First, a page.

That general's Surge turned everything around. By the time Bush II had left the Oval Office, the war in Iraq had essentially been won. Estimated civilian casualties were dramatically down from more than 30,000 in 2006 to less than 5,000 in 2009. American casualties were few if any. But all that progress has been reversed during this failing presidency, and Iraq is fast returning to its worst days.

"It is dangerous to be America's enemy," goes an old refrain among Middle East watchers, "but it is fatal to be her friend."

It's hard to see how this president will blame Iraq's collapse, too, on George W. Bush, but something doubtless he'll try. And next comes Afghanistan, which this administration is also moving to abandon by an arbitrary deadline.

Washington turned its back on Syria years ago, and its disintegration continues to send waves of suffering, instability and terrorism throughout the Middle East. How long before Americans must return to that nest of sorrows and clean up the shambles this administration is making of any coherent American foreign policy there?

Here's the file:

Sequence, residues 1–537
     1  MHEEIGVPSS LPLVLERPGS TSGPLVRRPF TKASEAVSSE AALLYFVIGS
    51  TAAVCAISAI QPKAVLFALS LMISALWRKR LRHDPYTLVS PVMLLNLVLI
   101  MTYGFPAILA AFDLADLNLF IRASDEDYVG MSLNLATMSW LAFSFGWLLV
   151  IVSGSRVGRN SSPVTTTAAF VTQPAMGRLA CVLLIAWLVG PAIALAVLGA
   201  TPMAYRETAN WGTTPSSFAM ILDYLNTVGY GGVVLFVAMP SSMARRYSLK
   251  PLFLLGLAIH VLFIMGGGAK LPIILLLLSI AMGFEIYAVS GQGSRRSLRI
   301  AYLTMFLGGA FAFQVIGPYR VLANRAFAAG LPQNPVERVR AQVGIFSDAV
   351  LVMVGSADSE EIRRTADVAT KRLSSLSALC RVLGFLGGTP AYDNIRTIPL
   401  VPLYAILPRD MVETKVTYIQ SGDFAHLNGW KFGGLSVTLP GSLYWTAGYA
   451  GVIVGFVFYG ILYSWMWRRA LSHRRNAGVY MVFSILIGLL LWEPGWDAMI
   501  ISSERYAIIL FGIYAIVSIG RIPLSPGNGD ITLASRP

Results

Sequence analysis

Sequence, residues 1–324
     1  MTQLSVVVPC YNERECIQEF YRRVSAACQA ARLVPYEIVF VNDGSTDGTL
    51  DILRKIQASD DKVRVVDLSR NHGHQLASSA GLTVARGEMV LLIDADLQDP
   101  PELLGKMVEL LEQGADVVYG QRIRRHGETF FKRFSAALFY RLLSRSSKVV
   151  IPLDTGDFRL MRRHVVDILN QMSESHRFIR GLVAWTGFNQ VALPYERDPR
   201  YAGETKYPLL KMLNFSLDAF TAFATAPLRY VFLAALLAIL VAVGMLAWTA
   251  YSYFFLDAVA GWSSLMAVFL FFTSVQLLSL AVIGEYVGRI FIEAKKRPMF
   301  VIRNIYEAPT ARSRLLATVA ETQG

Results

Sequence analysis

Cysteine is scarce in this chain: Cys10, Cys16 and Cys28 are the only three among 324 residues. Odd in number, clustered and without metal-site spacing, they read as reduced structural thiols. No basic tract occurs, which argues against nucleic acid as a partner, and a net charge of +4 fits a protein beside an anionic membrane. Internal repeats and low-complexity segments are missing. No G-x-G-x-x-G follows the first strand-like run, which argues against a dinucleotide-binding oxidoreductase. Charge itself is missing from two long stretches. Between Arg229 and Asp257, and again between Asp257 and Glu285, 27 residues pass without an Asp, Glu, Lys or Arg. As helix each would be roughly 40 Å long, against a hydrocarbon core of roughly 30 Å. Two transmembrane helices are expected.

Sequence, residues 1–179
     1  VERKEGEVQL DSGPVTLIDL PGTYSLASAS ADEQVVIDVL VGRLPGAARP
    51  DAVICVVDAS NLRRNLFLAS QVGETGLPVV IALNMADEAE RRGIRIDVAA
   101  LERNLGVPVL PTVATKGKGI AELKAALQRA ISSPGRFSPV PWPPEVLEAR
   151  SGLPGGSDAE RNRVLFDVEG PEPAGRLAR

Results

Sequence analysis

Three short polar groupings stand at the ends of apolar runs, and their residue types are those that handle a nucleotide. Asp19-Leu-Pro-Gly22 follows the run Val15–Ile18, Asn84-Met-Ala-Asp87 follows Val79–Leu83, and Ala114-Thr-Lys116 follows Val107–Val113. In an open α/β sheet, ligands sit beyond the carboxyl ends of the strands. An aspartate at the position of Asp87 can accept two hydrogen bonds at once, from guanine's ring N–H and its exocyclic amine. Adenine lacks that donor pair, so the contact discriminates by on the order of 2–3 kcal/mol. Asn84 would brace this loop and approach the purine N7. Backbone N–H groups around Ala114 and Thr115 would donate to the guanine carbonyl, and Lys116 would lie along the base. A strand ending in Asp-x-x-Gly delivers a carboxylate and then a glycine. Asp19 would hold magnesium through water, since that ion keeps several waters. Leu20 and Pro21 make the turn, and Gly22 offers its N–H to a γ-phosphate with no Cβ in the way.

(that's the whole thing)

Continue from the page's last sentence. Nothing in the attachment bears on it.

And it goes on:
If this be peace in our time, what would be disaster? If this is escaping death and destruction, what would rushing toward it be?

Let us end this tour d'horizon of disaster with a word from the one party sure to wax strong on it:

"Death Speaks: There was a merchant in Baghdad who sent his servant to market to buy provisions and in a little while the servant came back, white and trembling, and said, Master, just now when I was in the marketplace I was jostled by a woman in the crowd and when I turned I saw it was Death that jostled me. She looked at me and made a threatening gesture; now, lend me your horse, and I will ride away from this city and avoid my fate. I will go to Samarra and there Death will not find me.

"The merchant lent him his horse, and the servant mounted it, and he dug his spurs in its flanks and as fast as the horse could gallop he went. Then the merchant went down to the marketplace and he saw me standing in the crowd and he came to me and said, Why did you make a threatening gesture to my servant when you saw him this morning? That was not a threatening gesture, I said, it was only a start of surprise. I was astonished to see him in Baghdad, for I had an appointment with him tonight in Samarra."

--John O'Hara, "Appointment in Samarra"